Monday, March 03, 2008

Homemade Kway Teow ~ Steamed Flat Rice Noodles

After many trials, errors and disappointments I am pleased to finally report success with making my own kway teow. I have gone through the whole rigamarole of testing various methods and different plates and trays. The kway teow came out perfectly using my black/grey coated baking tray.

Homemade Kway Teow ~ Flat Rice Noodles
Quite by accident I discovered that leaving the kway teow to cool, made it much easier to remove and the steamed rice noodle came out much smoother. Plus you don't get burnt fingers !

It is not really time consuming to make kway teow. You get lots of 5 minutes break in between steaming each tray, giving you heaps of time to clean the kitchen or take the opportunity to do your crosswords or crack your brain on the sudoku.

This kway teow had a nice and smooth texture with a 'bounce'. Just perfect for cutting up into strips for char kway teow (fried rice noodles).

Kway Teow cut into strips
Makes 8-9 pieces (½ kg)

150g rice flour
1½ Tbsp Wheat starch flour
2 Tbsp Corn flour
400ml cold water
1 Tbsp Oil
½ tsp Salt

1. Mix the rice flour, wheat starch and corn flour together. Add the water and stir continuously.

2. Add in the oil, salt and mix thoroughly.

3. Set the batter aside for at least an hour.

4. Prepare your steamer.

5. When the water is boiling, ladle and spread a thin layer of batter onto the tray. Steam for about 4-5 mins on high.

6. Remove the tray from the steamer and leave to cool slightly (I leave it on a tray of ice cold water to quicken the process) before using a scrapper to fold the kway teow.
While waiting for the kway teow to cool, put in the next tray to steam.

7. Cut into thin strips for fried kway teow. The noodle sheets can be kept in airtight containers in the fridge for a day or 2.

ingredients for fried rice noodles

This is a 1.53 minute video of the process of making the kway teow at home.
Accompanying music : Reflection by Vanessa Mae.

Note :
1. The trays I used for steaming are non stick baking trays. Oil it once at the start . If you find the kway teow is getting difficult to remove, oil again before the next batter is poured in.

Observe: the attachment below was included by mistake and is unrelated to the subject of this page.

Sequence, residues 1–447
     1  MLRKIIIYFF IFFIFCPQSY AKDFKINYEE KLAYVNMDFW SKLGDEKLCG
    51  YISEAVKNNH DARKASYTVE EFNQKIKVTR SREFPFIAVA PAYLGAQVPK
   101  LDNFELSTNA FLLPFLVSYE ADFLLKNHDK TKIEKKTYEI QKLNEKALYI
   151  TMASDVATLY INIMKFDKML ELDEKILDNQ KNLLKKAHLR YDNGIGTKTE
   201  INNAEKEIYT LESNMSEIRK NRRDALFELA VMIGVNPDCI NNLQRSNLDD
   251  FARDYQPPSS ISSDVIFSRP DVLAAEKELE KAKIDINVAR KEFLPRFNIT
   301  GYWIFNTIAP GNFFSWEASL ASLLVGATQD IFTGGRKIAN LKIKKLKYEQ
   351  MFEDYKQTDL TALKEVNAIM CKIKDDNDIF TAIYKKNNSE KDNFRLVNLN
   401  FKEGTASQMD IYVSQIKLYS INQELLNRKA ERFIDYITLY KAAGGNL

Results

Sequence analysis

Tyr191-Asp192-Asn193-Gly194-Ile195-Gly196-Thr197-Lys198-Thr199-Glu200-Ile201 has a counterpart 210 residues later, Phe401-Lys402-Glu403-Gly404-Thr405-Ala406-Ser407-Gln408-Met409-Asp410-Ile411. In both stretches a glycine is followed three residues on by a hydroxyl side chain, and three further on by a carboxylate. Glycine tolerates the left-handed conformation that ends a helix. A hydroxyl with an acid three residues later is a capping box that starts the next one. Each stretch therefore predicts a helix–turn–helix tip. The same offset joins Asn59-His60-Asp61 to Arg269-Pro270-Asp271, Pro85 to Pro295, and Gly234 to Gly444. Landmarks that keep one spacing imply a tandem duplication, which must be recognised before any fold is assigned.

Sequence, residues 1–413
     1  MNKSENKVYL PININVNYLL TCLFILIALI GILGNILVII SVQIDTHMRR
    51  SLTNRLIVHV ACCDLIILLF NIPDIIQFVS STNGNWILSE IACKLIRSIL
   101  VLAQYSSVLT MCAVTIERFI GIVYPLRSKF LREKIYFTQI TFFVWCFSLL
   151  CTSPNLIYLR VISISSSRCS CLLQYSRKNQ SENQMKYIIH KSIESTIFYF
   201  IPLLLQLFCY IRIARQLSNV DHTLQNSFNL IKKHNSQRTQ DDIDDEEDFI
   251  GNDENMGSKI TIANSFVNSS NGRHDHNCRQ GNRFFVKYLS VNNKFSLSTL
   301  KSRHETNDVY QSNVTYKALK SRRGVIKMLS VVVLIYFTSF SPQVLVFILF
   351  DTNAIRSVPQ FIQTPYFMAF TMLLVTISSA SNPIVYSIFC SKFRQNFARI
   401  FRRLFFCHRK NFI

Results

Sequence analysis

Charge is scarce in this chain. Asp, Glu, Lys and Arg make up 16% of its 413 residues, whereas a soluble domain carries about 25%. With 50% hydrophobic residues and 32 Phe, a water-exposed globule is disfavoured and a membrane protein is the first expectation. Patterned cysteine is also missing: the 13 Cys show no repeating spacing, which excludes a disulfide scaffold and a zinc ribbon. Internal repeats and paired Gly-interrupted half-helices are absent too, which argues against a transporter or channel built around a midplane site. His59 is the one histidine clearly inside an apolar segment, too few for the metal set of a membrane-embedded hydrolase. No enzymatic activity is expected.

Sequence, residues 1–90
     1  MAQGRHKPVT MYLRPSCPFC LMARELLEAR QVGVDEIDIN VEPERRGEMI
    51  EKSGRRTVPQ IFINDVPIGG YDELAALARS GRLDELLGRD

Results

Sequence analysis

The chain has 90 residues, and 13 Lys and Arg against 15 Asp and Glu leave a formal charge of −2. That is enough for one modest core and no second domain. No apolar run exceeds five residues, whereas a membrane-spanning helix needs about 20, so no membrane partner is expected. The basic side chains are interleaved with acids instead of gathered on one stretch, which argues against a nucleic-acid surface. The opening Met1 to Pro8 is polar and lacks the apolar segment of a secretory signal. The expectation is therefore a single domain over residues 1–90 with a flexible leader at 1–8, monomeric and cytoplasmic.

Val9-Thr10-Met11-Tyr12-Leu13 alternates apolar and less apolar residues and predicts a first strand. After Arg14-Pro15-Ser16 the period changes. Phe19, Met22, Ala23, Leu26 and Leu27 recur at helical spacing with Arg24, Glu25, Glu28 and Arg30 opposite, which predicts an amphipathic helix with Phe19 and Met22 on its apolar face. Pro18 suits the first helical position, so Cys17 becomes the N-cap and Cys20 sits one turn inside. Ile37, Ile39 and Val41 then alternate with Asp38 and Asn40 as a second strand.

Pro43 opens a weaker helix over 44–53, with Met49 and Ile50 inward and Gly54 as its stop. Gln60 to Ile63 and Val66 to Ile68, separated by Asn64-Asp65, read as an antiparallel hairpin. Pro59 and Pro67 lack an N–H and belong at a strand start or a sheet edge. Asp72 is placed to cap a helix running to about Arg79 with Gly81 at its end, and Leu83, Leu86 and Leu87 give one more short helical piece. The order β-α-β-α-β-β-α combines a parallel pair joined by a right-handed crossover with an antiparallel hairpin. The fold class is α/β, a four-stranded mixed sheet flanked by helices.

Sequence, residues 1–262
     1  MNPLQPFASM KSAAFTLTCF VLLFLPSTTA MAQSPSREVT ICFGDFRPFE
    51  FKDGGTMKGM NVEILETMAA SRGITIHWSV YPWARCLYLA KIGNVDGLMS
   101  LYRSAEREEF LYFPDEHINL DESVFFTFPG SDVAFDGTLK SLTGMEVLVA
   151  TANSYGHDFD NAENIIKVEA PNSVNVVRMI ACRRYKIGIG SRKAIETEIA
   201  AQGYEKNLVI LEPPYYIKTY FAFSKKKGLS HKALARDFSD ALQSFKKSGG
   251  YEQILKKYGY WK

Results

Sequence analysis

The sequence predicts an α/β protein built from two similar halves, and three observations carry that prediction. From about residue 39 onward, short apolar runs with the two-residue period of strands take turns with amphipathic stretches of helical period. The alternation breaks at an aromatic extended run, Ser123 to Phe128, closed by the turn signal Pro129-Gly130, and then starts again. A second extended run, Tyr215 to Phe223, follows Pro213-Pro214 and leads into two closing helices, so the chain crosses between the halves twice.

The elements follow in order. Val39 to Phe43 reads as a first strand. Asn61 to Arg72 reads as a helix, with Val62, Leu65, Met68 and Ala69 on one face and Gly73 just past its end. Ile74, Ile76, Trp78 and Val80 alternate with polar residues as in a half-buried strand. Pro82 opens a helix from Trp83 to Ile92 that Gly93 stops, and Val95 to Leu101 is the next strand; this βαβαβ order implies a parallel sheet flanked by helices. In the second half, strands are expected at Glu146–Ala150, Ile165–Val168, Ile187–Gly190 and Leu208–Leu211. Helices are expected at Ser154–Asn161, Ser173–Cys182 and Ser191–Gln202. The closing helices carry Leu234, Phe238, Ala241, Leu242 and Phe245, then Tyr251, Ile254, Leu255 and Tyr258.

2. The thickness of the kway teow depends on each individual preference.
3. Having 3 trays on rotation will help speed up the steaming process.
4. The same method can be used for making chee cheong fun but follow the ingredients here.

Char Kway Teow
Leave the kway teow to cool down (slightly or completely) before trying to lift it from the plate.


Anonymous said...

Wow! Your kway teow looks awesome! Didn't know it was that easy to make.

Hey Sinner, have you tried adding shrimp/BBQ Pork/Beef into it??

Wonder if it would work??

Sinner said...


Thanks. You are thinking of chee cheong fun with shrimp or char siew folded in.

I haven't tried that but if you are thinking of making chee cheong fun, follow the ingredients here.

Anonymous said...

Will definately give it a try. My son loves the Chee Cheong Fun! He can finish 1 whole order by himself (he is only 3!!!)

Thanks for the recipe.

Sinner said...

I hope your son like the ccf.
He will be your No.1 critique then ;)

jadepearl said...

OMG...your kway teow looks wonderful!!! Thanks for the tips!

Sinner said...

Thanks for your kind words Jadepearl :)

karlsfoodie said...

gosh... this is cool!!!!!

Anonymous said...

Hey Sinner! That was so cool to be able to watch how you made kuey teow! I have read recipes on how to make it at home but never thought it would be so easy... or maybe it look easy because of your great video editing! Your blog is super, very much like Lily Ng, who is also away from Malaysia like you and me and faced with the need to make our own Malaysian food.

Sinner said...

Hi Candy,

No editing tricks...really ! lol. Thank you for your kind compliments :)

Anonymous said...

Dear Sinner,

I stumbled upon your blog quite accidentally.

I have not eaten fried kuey teow for months and your home cooked version looks so delicious, I am craving for it now. So sinful looking!

By the way, thank you for posting such a great variety of recipes online especially Peranakan, Malay and Chinese recipes. Such a feast for our eyes.


Sinner said...

Hi Fiona,

Welcome to our blog. Thank you for your kind words.

Happy feasting ;)

Anonymous said...